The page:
'Survivor' 34 winner Sarah Lacina played like a criminal and earned that prize money
Hannah Shapiro was a runner-up on Survivor season 33: Millennials vs. Gen X. You can follow Hannah on Twitter @HannahLilNessen.
There's nothing more satisfying than a smart, strategic player winning a season of Survivor. The game has evolved over the seasons, producing new ways of thinking and playing. Some seasons, the strategic powerhouse falls short and can't get to the end. Other seasons — think Kaoh Rong — the strategic winner faces a jury of angry, bitter or just straight-up blind folks. This season, one of the top strategists got to the end and took the money when she got there.
Sarah Lacina entered Game Changers with many fans scratching their heads, trying to figure out why she was chosen. But the hardworking midwestern police officer took a cue from her first season's winner, fellow cop Tony Vlachos, and played the best game of all. She played dirty when she had to. She built a reputation as a trustworthy confidant and outwitted her fellow castmates while convincing them she was their best friend. Seeing a strategic player take the crown is amazing on it own. Seeing an aggressive strategic lady take it breaks a pattern of strategic women being overlooked or misrepresented. Lacina's win is, in many ways, game-changing.
Sarah first played Survivor on Survivor 28: Cagayan, where she became the first member of the jury. There, she watched as eventual winner Tony lied, flipped and manipulated all his fellow players. That season, her word was her bond. This time around she decided to take some lessons from Tony and be the game-changer this season needed.
Let's take a look back at the choices that led to Sarah Lacina holding a million-dollar check.
She can read an expired license from a mile away
Attention to detail gave Sarah a leg up in the game. (Attention to hair detail gave Sarah her amazing braids all season, but that's another story.)
Police officers need a keen eye for details, and this season, Sarah proved why she's a pro. In the game, Sarah spotted the vote-stealing advantage positioned far away on the sit-out bench. The advantage ended up having a huge impact on the game.
"Paying attention to detail is how my playing the game got me here," she tells the jury in the finale.
Sarah was everyone's BFF
Sarah's ability to maneuver and flop-flop the entire game worked because she successfully built close relationships with players. Every person on the island thought Sarah was their person and trusted her with all their secrets. Even when Sarah blindsided someone with a vote, she still found herself in their good graces. Only when players found themselves at Ponderosa dud they really put the pieces together. What's more important than immunity necklaces? Trust. Sarah made people feel comfortable — like they could beat her at the end.
Zeke Smith's jacket
I'm about to give away a huge Survivor secret. If you wear Zeke Smith's jacket, you automatically make it to the final three. I wore Zeke's jacket on Survivor 33: Millennials vs. Gen X, and while I ended up losing a million dollars on national television, the jacket still got me to the end. See, Zeke's jacket has mystical powers that allow the wearer to get to final tribal council without being targeted as a strategic force. It's true.
What is also true is that Zeke became quite the jury advocate for his former ally. Zeke saw Sarah's game for what it was, but he also saw that folks were upset and riddled with personal hurt. Zeke, wanting the best player to win, goes to bat for Sarah at the final tribal council. Even though she voted him out — and kept his jacket.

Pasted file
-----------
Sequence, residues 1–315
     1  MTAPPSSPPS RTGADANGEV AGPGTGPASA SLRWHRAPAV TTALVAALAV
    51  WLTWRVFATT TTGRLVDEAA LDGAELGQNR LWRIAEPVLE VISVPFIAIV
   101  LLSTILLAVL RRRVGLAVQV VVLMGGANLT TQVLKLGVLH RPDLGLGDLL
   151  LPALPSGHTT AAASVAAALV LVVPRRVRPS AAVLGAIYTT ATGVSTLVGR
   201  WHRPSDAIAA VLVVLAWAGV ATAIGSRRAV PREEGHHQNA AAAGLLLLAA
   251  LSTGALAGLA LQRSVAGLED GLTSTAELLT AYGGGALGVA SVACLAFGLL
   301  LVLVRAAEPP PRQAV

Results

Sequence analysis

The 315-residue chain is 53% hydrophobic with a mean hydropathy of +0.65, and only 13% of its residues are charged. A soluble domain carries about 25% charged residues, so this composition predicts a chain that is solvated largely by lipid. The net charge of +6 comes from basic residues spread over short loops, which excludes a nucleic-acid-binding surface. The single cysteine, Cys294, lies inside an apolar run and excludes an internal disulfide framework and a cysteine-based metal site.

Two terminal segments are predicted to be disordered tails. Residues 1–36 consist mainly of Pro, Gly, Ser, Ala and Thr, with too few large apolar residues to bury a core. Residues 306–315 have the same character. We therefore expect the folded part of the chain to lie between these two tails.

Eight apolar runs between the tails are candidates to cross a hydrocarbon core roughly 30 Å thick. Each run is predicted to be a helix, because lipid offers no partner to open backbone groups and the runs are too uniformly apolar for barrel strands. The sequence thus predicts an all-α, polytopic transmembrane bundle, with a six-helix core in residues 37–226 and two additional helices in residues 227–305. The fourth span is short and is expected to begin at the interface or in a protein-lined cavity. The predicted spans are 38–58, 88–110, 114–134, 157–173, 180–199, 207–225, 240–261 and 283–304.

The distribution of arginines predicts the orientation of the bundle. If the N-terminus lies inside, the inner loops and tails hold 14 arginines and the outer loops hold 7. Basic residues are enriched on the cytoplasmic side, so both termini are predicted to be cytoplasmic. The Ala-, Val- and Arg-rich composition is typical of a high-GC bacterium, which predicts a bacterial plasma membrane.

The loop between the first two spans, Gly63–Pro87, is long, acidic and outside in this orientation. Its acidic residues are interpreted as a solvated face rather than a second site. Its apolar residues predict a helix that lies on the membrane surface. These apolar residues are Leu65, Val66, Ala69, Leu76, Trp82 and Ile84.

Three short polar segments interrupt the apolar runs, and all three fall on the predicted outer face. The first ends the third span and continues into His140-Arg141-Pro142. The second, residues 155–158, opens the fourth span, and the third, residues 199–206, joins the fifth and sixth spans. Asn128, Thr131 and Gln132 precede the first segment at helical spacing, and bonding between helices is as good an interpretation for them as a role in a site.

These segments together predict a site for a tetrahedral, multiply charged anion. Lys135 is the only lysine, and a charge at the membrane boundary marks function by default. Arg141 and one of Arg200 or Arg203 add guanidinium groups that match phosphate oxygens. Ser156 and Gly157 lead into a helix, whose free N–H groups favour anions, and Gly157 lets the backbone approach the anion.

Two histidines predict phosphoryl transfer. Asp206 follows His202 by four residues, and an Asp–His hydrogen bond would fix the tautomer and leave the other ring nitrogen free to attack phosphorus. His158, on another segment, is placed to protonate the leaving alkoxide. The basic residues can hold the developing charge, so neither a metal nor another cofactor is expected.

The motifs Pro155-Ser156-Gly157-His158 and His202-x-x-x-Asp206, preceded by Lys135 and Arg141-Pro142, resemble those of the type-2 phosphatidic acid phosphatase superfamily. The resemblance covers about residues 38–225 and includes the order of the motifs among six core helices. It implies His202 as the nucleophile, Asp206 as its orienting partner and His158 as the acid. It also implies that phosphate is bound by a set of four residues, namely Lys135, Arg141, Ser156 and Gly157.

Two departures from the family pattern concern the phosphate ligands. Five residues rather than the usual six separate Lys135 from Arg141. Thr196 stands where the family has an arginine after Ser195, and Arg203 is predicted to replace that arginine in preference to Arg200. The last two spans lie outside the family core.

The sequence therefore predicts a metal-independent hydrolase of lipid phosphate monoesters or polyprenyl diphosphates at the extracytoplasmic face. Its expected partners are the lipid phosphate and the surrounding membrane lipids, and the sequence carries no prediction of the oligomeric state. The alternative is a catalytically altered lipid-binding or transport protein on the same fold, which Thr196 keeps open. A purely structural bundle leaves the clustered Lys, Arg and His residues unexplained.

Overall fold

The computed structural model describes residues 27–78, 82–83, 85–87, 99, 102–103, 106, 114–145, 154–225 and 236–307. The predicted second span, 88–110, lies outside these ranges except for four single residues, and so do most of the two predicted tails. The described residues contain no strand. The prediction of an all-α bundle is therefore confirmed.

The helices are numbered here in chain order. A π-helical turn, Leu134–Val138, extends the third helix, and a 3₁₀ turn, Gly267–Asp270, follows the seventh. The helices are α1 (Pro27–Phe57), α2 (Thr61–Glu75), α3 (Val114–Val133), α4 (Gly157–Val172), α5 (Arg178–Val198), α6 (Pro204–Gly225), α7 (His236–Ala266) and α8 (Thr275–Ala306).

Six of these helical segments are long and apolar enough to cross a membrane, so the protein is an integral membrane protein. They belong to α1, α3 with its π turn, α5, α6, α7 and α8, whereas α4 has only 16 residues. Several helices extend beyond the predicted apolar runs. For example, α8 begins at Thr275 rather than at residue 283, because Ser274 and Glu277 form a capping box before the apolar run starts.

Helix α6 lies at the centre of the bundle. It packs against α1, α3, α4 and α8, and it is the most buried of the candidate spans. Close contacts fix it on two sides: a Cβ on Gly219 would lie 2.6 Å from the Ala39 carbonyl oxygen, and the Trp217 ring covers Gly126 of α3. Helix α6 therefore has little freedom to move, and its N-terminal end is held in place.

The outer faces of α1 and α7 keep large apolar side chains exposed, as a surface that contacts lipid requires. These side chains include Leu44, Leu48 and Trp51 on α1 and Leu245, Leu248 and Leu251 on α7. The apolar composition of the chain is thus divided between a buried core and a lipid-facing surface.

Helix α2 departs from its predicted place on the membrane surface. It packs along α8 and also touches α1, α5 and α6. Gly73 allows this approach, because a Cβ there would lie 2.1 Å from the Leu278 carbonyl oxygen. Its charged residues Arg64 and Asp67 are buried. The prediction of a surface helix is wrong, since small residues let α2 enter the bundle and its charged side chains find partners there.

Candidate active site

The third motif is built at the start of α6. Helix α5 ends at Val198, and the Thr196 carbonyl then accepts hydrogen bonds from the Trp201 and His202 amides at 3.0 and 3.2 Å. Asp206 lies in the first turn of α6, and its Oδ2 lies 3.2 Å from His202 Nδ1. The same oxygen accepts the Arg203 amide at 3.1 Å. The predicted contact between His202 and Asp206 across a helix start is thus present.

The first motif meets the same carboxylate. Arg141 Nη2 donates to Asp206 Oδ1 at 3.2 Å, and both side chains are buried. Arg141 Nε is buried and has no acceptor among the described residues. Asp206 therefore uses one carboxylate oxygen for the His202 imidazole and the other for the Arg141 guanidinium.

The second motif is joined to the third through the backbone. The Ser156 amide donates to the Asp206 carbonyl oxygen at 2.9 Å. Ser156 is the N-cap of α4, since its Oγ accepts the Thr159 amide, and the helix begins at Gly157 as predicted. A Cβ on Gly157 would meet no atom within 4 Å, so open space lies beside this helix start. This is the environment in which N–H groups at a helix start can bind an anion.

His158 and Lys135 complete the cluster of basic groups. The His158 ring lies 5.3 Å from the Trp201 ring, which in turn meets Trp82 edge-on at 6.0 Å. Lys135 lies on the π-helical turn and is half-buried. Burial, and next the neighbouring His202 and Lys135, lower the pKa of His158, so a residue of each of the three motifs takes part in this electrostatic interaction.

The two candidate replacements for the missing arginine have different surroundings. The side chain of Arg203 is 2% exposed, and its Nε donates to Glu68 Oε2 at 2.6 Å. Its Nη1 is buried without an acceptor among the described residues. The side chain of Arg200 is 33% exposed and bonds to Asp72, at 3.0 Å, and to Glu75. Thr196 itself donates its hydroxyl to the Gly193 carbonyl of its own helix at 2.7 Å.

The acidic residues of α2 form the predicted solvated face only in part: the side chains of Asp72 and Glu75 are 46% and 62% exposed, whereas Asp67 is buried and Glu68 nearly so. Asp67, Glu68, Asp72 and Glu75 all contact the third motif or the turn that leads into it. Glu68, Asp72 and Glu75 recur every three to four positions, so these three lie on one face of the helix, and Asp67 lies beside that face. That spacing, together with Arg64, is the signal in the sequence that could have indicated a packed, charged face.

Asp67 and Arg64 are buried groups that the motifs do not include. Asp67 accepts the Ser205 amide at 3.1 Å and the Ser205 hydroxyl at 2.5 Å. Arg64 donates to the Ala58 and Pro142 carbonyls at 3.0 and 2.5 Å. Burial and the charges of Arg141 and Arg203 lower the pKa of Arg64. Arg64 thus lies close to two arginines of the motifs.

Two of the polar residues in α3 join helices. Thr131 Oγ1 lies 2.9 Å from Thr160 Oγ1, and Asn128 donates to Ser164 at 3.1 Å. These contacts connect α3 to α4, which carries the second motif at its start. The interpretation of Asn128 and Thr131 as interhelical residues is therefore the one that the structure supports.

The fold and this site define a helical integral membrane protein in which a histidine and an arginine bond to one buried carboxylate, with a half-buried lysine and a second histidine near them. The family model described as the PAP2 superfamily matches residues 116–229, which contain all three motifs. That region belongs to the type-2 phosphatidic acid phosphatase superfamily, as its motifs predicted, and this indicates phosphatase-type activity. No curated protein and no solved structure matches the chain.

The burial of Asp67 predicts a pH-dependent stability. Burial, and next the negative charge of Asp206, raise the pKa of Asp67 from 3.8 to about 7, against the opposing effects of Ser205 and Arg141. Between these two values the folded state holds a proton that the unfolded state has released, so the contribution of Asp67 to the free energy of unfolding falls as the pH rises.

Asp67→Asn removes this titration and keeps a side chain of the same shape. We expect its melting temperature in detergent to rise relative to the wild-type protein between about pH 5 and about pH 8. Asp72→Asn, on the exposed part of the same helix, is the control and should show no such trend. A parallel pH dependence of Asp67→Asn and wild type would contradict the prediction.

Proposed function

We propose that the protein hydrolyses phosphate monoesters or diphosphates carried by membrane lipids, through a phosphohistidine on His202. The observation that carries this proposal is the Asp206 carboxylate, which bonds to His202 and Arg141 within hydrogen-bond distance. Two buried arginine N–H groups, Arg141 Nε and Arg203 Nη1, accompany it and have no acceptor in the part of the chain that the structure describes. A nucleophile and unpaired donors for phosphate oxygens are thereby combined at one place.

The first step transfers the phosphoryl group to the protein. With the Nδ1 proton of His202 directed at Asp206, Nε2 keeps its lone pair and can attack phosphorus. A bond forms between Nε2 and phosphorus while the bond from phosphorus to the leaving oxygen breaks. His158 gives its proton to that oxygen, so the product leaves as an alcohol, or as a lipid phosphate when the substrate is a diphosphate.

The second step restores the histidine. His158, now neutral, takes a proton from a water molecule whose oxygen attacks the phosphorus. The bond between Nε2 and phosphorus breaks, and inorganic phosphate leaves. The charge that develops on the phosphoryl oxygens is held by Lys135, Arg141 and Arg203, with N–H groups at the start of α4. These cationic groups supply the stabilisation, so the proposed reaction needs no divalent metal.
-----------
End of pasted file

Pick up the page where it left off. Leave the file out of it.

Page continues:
Cop who played like a criminal
Sarah said in episode one that she was going to play like a "criminal." She was willing to lie, cheat, steal and blindside her way to the end. Perhaps it was watching Tony win that way, or perhaps she just wanted to have some villain fun this time — but when she got to Westworld, she put on her black hat. What makes Sarah great is that she fully owns her "silent killer" persona. She's not apologizing or backing away from playing the game hard and without holding her back.
Sarah's reputation going into the season was that she "stuck to her word." While many players' reptutations sunk them this season, her ability to change her game actually helped her. Her castmates trusted her when they shouldn't have. Sarah was playing for herself and her family, allowing herself to do whatever it took to get where she needed to be.
Sarah evolved into a game-changer
It's all in the title of the season. Sarah became the biggest game-changer in the cast. She was consistently the deciding vote; she swung her allies into a position of power and never just sat on her bum eating rice and chilling out. My favorite aspect of Sarah's game is her unapologetic willingness to play aggressively. Many times, female survivor players are forced to apologize for playing, but Sarah owner her game. She blindsided her close allies: Sierra, Andrea, Zeke ... the list goes on. But she owned up to it when she made a move. I respect that.
Sarah was able to maneuver her allies to take down Brad Culpepper's main alliance of six, while also blindsiding her allies before they turned on her. She took away the power from other folks, controlling most of the merge game.
Why was Sarah respected for an aggressive game when so many females before her weren't? That question will probably be debated in the Survivor history books for years to come. Perhaps it was the the heavily female jury. Perhaps it was her ability to snag a jury advocate. Maybe it was her choice of end buddies. All I can say is I'm both happy and impressed.
Sarah may not have been the biggest name going into the season, but no one can deny she earned the title of Game Changer. And if you try to deny that Sarah is an actual game-changer she will arrest you.
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